Practicing tai chi chih, a meditative form of exercise to which practitioners attribute physical and spiritual health benefits, induces sound sleep among the elderly, a new study shows.
The study comprised 112 healthy adults aged between 59 and 86 who were randomly assigned to one of two groups for a 25-week period.
The first group practiced 20 simple tai chi chih moves; the other participated in health education classes that included advice on stress management, diet and sleep habits.
At the outset, participants were asked to rate their sleep based on the Pittsburgh Sleep Quality Index, a self-rated questionnaire that assesses sleep quality, duration and disturbances over a one-month period.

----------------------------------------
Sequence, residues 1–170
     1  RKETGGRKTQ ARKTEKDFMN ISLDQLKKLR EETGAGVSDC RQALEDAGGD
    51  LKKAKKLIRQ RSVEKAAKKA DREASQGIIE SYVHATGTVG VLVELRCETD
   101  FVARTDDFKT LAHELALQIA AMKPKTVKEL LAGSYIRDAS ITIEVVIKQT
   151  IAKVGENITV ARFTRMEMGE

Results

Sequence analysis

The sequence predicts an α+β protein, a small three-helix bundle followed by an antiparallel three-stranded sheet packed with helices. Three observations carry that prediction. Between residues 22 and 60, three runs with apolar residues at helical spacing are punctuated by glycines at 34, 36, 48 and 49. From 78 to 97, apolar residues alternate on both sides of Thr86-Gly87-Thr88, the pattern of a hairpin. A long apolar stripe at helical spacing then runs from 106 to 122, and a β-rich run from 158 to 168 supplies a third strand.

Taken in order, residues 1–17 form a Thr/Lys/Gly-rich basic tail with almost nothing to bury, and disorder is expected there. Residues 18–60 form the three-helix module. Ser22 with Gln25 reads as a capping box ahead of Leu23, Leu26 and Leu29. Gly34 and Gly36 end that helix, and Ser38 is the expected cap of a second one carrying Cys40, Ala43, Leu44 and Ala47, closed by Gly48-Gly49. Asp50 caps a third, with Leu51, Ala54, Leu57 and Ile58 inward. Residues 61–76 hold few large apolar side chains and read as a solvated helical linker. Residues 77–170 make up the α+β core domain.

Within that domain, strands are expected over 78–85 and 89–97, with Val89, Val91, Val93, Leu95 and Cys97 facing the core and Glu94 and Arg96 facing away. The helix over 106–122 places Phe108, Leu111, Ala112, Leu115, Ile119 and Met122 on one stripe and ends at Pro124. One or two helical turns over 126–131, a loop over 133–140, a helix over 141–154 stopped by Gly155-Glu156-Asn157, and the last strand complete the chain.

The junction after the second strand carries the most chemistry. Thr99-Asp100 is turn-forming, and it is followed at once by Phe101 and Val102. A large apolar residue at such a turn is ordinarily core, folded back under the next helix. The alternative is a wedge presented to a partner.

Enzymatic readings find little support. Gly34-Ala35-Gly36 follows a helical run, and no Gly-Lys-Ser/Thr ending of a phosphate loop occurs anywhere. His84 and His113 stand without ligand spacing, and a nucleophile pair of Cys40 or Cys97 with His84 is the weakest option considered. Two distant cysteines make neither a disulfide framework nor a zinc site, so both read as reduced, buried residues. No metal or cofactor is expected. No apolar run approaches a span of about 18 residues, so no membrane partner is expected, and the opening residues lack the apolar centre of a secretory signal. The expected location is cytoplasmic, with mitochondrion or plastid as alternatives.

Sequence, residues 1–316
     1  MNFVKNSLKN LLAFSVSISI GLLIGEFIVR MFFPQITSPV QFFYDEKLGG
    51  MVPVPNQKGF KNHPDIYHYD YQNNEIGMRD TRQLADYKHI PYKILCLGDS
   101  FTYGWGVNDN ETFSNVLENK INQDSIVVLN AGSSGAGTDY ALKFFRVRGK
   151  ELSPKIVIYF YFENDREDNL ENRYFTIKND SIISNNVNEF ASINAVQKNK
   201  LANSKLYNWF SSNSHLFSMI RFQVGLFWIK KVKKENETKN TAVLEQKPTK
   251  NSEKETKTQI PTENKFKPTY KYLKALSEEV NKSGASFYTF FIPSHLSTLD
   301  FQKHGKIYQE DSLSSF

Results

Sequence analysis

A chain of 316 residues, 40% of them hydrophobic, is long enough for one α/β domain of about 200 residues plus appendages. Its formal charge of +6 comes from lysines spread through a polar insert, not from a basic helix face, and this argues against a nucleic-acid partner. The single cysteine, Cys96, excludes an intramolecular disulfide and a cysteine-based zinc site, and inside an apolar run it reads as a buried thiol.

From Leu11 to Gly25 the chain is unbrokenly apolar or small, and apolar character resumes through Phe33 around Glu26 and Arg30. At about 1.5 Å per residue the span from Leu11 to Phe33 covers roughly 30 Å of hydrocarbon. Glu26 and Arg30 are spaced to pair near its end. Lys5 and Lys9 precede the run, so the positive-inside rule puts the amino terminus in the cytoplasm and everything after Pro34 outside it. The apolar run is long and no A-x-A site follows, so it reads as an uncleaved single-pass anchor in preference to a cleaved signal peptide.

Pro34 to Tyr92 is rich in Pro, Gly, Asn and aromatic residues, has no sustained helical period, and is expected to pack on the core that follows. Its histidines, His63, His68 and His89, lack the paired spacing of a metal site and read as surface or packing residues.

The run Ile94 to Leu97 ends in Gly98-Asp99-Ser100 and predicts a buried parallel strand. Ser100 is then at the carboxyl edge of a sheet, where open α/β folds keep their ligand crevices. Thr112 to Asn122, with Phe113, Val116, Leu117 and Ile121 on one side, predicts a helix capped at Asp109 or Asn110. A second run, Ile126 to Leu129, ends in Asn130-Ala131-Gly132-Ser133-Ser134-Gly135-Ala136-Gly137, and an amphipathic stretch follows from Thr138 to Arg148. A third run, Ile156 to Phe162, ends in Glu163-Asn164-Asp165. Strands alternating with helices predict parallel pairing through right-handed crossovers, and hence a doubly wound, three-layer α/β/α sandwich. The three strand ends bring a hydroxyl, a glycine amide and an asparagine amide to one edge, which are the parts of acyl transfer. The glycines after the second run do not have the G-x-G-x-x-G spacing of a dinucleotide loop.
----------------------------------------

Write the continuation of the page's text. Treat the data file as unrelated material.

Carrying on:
The study found that the tai chi chih group showed improved sleep quality and a remission of clinical impairments, such as drowsiness during the day and inability to concentrate, compared with those receiving health education.
The tai chi chih participants showed improvements in their own self-rating of sleep quality, sleep duration and sleep disturbance.
"Poor sleeping constitutes one of the most common difficulties facing older adults," said lead study author Michael Irwin, professor in psychiatry at the UCLA Cousins Centre for Psychoneuroimmunology.
Irwin noted that 58 percent of adults aged 59 and older report having difficulty sleeping at least a few nights each week.
However, sleep problems remain untreated in upto 85 percent of people. And for those who do seek help, the usual remedy is a sedative. But sedatives can cause side effects, he said.
The study will be published in the journal Sleep.